Passings: Patrick Seale

Patrick Seale

Patrick Seale, 83, a veteran British journalist whose books established him as the leading expert on modern Syria, died Friday in London, according to family and friends. He had been diagnosed with brain cancer last year.

Seale is best known for his authoritative biography of the late Syrian President Hafez Assad, "Assad of Syria: The Struggle for the Middle East." Published in 1988, the book is considered the definitive work on Assad, the father of Syria's current leader. "Seale does not pretty up Assad's struggle to the top, the brutal 1982 suppression of the Muslim-brethren uprising in Hama, or his willingness to use all the dirty tricks of the intelligence trade," Carl L. Brown wrote in a 1989 Los Angeles Times review. "Seale's portrait is that of a hard-eyed statesman surviving in a tough environment."

Seale wrote several other books, including "Abu Nidal: A Gun for Hire" in 1992, in which he provocatively argued that Abu Nidal's terrorist group was actually run by Israel's foreign espionage agency, an allegation critics found weakly supported.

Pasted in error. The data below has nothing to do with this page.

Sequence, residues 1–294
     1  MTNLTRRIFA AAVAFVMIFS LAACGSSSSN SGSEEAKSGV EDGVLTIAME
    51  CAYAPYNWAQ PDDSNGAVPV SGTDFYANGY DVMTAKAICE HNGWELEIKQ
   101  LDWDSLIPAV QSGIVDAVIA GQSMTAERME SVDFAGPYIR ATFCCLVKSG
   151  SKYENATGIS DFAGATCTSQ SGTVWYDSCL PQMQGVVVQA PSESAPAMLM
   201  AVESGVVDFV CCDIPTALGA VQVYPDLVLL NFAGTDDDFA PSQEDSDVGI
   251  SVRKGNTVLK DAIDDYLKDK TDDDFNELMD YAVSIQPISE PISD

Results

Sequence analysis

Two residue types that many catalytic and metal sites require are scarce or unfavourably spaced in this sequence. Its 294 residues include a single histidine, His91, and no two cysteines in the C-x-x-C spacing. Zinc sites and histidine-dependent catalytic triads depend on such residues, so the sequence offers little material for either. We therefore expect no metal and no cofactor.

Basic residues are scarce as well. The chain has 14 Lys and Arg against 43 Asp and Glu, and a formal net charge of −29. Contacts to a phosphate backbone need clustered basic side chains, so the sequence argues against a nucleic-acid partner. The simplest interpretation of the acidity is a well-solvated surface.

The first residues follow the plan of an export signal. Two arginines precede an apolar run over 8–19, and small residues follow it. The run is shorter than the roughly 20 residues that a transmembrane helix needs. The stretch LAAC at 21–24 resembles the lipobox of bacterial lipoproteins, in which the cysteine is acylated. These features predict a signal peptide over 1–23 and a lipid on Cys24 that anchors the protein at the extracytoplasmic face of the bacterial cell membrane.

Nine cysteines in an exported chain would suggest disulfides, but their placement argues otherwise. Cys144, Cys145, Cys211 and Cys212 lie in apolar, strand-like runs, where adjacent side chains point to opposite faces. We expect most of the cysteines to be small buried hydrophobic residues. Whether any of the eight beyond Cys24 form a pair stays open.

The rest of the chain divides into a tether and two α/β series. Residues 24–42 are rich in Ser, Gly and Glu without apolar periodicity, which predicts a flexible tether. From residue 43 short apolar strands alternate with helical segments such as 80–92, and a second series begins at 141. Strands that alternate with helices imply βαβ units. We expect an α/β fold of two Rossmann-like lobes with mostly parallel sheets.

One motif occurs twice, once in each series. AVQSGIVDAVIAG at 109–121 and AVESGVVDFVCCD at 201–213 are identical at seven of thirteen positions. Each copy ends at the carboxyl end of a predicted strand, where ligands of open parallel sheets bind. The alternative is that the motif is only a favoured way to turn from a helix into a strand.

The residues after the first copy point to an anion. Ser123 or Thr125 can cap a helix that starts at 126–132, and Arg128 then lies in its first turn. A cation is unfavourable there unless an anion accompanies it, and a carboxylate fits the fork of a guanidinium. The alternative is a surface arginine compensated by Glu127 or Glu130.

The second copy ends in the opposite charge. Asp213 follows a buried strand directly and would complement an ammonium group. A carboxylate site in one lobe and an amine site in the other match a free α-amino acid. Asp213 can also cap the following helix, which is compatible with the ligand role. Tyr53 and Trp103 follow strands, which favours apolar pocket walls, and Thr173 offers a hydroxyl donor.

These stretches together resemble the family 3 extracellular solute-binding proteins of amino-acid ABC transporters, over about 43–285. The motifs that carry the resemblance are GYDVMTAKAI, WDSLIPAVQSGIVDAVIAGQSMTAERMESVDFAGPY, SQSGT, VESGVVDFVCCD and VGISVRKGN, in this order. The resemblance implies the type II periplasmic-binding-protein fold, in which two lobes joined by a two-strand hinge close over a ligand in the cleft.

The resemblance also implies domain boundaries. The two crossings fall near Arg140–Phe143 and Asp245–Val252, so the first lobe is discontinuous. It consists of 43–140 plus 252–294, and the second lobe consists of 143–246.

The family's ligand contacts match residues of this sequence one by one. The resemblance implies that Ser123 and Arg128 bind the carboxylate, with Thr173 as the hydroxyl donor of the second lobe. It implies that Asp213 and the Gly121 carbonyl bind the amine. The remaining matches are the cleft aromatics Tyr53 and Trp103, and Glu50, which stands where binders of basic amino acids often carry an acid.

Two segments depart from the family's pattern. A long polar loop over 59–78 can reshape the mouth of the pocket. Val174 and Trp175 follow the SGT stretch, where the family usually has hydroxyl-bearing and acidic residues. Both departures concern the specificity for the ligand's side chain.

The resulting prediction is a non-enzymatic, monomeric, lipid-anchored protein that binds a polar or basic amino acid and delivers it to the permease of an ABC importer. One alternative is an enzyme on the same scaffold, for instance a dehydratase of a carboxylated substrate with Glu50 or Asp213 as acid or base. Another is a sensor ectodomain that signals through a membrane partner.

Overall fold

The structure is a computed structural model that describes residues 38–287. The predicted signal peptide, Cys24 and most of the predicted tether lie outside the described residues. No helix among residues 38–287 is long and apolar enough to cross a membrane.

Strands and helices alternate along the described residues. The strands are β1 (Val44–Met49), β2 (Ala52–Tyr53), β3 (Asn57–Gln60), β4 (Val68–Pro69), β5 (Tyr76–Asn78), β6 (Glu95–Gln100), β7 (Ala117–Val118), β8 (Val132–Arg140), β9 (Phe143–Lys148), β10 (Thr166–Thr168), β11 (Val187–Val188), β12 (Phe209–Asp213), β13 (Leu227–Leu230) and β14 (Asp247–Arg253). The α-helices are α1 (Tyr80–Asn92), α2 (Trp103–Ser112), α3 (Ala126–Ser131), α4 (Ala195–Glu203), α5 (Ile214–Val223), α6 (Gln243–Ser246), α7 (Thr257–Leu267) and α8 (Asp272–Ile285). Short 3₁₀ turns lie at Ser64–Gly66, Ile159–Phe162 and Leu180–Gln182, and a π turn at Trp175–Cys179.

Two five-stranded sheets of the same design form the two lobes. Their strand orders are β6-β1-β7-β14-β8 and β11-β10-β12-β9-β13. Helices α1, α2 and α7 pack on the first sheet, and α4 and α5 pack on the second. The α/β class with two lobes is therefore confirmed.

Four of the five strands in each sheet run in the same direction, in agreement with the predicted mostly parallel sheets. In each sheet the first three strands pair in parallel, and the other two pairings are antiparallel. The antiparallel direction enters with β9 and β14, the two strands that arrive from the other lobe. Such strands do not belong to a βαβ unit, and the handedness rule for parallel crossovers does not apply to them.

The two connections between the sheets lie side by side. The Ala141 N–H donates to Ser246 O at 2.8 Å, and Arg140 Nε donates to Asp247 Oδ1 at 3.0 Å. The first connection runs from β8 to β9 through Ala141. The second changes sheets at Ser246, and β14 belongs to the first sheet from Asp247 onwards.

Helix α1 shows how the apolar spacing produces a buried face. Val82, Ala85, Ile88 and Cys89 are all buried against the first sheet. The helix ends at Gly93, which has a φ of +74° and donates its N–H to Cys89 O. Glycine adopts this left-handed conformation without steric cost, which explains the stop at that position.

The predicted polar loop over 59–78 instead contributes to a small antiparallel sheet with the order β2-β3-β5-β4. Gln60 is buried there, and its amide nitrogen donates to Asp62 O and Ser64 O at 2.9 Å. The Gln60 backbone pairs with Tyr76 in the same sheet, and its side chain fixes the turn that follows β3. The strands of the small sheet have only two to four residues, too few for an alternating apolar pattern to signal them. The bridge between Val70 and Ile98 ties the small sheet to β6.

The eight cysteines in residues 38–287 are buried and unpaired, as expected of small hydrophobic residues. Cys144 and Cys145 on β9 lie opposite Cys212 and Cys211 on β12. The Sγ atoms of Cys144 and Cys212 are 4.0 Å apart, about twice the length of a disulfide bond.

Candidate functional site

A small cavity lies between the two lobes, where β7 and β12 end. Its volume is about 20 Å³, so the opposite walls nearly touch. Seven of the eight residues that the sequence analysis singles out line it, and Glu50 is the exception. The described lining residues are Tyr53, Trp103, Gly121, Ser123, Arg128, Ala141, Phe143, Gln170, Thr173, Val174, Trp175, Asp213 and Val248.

His last book, "The Struggle for Arab Independence: Riad El-Solh and the Makers of the Modern Middle East," tells the story of a turbulent region through the life of a Lebanese politician. It was published in 2010.

Born May 7, 1930 in Belfast, Seale spent his early years in Syria, where his father was a Christian missionary. He studied Middle Eastern history in England before becoming a foreign correspondent for Reuters and later for the British newspaper The Observer.

In recent years, Seale's perceived closeness to the Syrian leadership made him a target of opposition activists who deemed him an apologist for Assad. As Syria's protests gave way to civil war after a brutal military crackdown, Seale continued to call for a negotiated settlement of the destructive conflict.


— Times staff and wire reports

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